Poor Frank Sarcona, AKA Frank Sarcone, AKA Dave Johnson. Whatever the chap's name, he lacks the creativity to concoct new scams. Sarcona -- let's stick with that -- was convicted last week by a federal jury for a host of fraud charges, after he violated the terms of an injunction that barred him from "deceptive marketing practices." Sarcona's specialty: weight-loss drugs that promised impossible results.
This criminal conviction came ten years after a civil regulator, the Federal Trade Commission, won a judgment against Sarcona for exactly the same kind of scam. A 1999 Sun-Sentinel article (sorry, but there isn't a link) explains how in the mid-1990s, Sarcona promised "SlimAmerica" buyers they could lose 49 pounds in 29 days without diet or exercise.
The physician who backed this improbable claim: Dr. Howard Retzer, who apparently knew nothing of it. FTC attorneys found Retzer in a nursing home -- the elderly man suffered from dementia and hadn't practiced medicine for years.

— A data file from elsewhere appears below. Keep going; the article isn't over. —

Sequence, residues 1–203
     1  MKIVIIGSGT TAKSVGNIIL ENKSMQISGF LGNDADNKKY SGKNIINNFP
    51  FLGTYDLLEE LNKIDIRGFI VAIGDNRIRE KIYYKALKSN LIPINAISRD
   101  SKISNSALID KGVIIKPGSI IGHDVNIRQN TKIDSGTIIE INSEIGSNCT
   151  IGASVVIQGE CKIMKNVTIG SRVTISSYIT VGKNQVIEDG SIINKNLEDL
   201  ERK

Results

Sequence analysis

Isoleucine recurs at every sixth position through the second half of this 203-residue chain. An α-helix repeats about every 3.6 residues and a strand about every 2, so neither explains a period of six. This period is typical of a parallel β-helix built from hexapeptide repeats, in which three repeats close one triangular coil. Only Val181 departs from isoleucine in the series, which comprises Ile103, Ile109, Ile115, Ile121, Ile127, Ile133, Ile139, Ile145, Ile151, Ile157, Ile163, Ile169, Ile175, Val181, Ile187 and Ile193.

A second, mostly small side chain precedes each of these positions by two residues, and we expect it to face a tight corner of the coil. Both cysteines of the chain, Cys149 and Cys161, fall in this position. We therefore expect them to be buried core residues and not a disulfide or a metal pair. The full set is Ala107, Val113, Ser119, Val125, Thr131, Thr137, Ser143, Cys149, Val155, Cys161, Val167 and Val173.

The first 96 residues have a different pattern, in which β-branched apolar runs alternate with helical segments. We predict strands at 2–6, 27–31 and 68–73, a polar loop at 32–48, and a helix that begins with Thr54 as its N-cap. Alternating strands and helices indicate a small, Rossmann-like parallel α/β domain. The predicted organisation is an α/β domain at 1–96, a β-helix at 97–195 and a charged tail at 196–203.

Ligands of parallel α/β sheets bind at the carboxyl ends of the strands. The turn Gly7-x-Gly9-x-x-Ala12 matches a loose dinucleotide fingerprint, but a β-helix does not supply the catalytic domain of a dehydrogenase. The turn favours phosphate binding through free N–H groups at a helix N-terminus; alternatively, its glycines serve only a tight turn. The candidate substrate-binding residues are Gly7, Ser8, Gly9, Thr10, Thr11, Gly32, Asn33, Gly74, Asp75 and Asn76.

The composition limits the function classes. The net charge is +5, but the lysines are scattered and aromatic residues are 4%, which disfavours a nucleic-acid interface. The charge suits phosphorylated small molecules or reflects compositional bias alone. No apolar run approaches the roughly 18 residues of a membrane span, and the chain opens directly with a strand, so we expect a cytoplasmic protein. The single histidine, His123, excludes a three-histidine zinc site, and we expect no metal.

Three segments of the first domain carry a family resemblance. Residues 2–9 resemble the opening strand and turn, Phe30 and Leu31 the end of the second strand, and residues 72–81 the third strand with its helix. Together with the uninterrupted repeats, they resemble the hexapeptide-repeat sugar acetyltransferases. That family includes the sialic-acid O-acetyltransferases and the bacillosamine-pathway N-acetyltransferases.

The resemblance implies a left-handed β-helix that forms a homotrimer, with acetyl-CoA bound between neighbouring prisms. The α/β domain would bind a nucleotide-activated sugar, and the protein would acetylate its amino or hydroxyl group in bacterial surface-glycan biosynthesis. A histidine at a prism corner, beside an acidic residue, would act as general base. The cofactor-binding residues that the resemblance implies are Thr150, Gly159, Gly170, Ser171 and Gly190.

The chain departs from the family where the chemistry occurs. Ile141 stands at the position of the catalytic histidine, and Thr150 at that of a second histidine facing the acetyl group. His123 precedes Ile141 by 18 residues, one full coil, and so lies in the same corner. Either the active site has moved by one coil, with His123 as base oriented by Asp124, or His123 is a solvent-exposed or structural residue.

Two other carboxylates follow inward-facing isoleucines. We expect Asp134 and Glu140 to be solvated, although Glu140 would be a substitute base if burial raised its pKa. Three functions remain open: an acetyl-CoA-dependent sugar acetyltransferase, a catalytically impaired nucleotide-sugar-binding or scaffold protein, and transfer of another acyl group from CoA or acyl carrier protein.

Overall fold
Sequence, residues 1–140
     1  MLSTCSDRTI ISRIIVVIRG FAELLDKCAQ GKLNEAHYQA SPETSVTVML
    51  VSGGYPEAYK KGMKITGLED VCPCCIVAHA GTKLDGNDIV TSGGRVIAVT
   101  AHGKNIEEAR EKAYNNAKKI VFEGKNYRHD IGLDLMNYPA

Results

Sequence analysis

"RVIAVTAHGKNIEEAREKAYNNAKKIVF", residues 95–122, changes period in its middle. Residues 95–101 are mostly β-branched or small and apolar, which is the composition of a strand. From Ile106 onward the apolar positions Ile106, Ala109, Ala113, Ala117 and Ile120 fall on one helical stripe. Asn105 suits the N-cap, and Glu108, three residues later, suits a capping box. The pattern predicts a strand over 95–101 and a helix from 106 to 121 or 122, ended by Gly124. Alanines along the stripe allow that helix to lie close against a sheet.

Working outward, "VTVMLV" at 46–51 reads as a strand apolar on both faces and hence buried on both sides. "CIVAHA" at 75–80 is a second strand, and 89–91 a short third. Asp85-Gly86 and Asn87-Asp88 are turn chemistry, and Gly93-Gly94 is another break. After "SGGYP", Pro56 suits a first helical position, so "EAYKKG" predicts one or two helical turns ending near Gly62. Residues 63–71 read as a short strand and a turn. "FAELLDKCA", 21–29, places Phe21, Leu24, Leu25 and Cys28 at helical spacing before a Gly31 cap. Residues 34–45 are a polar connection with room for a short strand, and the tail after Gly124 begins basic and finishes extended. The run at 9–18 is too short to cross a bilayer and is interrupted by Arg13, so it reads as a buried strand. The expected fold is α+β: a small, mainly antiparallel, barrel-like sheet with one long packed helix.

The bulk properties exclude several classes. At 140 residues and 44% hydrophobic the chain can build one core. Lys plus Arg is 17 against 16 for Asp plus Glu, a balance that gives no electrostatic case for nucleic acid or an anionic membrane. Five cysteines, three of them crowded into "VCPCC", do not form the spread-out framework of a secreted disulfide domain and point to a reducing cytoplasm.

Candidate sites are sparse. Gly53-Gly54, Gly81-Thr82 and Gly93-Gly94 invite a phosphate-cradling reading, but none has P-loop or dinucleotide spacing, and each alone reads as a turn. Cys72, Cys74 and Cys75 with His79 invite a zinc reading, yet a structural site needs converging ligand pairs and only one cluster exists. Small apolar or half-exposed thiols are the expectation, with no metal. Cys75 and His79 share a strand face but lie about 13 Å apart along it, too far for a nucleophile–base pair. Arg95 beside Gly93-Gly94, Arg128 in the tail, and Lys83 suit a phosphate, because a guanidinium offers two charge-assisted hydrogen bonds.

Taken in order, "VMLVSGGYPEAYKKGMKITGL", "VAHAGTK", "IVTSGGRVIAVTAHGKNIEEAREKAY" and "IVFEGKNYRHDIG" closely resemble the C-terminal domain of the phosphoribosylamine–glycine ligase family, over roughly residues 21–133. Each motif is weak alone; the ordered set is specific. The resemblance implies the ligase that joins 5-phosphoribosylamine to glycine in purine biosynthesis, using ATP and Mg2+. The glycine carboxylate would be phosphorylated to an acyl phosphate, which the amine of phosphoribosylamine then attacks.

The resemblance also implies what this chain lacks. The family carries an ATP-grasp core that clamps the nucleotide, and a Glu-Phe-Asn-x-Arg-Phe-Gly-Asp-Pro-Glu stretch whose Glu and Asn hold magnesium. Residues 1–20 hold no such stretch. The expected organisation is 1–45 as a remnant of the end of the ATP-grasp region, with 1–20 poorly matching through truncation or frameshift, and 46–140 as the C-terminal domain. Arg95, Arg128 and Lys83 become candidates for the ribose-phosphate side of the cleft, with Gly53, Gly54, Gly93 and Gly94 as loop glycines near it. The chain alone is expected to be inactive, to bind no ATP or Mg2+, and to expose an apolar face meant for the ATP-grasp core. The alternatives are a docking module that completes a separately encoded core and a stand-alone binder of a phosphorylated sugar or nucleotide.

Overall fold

But by the time the lawsuits came against Sarcona, he insisted the money was gone -- only to have the FTC find $800,000 in a Bahamian account, according to the article.
The weasel's mighty lucky not to have been criminally charged in that endeavor, but some 100,000 customers of Lipoban were not so lucky. That's the name of the so-called trial product Sarcona launched, apparently in the months after the judgment against him. From the U.S. attorney's news release:
To sell the product, called Lipoban, Sarcona mailed and caused the mailing of letters to consumers inviting them to participate in a restricted nationwide test of a new product that would allegedly promote large weight losses without diet and exercise. Consumers were asked to purchase the product in order to participate. Sarcona created the false impression that the study was being carried out in conjunction with a healthcare clinic. To enhance this false impression, the mail order house was named the Lipoban Clinic, and the mailing stated that it was engaged in a nationwide study with limited participation. Each customer was led to believe that they were test participant number 731, as listed on the mailing.This time, the doctor was real. Sort of. His name was not Joseph Maya but rather Jose Maya, and he wasn't licensed to practice in Florida. Just Mexico. And even then, prosecutors say he never actually came to the clinic or performed research of any kind.
But that scam was good enough for Sarcona to make some $16 million, according to the U.S. Attorney's Office.